Google’s Webmaster Tools provides a set of diagnostics that enable you to make necessary repairs to your website. The information covers issues like the presence of Malware, duplicate pages, missing links (404 errors) and suggestions re improvement in HTML. So it seems the Google Bots are not so lazy after all!
Some of the information provided by Webmaster Tools gets very technical, so you may want to get your Webmaster to have a look at the diagnosis (or get a knowledgeable friend or family member to do so). However, you should be able to act on some of the information yourself and I will confine myself to a couple of these aspects.
Identifying and removing Malware
Webmaster Tools, as indicated in the above image, provides information about Malware that is affecting your website. According to Malwarebytes, Malware represents 97% of all online threats. Malware enables the perpetrator to steal your personal information (passwords, logins, etc) and disrupt your computer. Malware includes computer invasions such as ’viruses, worms, trojans, rootkits, dialers and spyware’. Your Webmaster Tools will identify the threats and give you links for advice on how to remove these threats. A better way to go is to be proactive and use a program that will detect, prevent and destroy malware. The Anti-Malware program that I use and that is recommended by many technical experts (100 million downloads worldwide) is Malwarebytes.
If you take the opportunity to protect your website with an anti-malware program, then you will see the following message from Google’s Webmaster Tools (reported about my Small Business Odyssey site):
Google has not detected any malware on this site.
Clearing out duplicate webpages
The Webmaster Tools also advise other problems with your website that can be readily rectified. One of these is where you have duplicate pages on your website. Sometimes, you may have created a new version of an old page and accidentally left the old version on the website, resulting in duplication of the page. This happened recently with the website for my own human resources business. Google’s Webmaster Tools will advise you of this duplication under the ‘HTML suggestions’ menu item (see image above). The duplicate pages I identified were listed under the sub-menu item, ‘Pages with duplicate meta descriptions’ (in other words, with substantially the same title).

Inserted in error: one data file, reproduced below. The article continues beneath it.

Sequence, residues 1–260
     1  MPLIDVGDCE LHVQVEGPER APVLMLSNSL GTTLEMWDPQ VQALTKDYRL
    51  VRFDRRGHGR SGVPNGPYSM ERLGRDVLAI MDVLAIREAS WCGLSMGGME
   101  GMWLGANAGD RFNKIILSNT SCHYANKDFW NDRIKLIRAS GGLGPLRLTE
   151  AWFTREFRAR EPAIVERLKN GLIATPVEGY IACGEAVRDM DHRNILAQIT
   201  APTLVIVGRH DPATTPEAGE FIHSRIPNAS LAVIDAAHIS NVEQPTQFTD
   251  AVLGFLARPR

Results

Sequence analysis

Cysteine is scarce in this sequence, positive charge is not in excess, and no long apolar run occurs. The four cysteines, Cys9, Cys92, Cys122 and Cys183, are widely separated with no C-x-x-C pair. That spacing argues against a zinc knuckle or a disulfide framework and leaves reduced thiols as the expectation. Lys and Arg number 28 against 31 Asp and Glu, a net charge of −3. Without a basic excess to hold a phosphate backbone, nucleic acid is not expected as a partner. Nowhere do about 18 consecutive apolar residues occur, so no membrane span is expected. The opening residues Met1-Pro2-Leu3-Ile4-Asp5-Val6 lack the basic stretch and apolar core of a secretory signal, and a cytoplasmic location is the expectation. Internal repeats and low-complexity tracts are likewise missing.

Dealing with 404 errors – page not found
These ‘page not found’ errors (404) are reported under ‘Crawl errors’ (see image above – it means you’ve upset the Google Bots because they can’t find the webpage that was supposed to be present). 404 errors can occur because you have removed a page which is still showing in Google’s version of your sitemap or because the page you linked to no longer exists for some reason. The Google Bots try to follow the links on your site and when they see a deadend, they report it as a 404 error.
I recently found a series of 404 errors on the website for my human resource consultancy business as reported in Webmaster Tools. These errors resulted from the fact that we had changed the default ‘permalink’ for the titles of our blog posts (changed from an auto-generated number to the title of our blog posts). The result was the following type of errors reported in Webmaster Tools under ‘Crawl errors”:
Where possible, you should clean up broken links and, where appropriate, resubmit your sitemap so that Google has a more up-to-date version to follow.
Through its Webmaster Tools, Google gives you a lot of information to help you to keep your website functioning properly and to make it easy for the Google Bots to index your website effectively.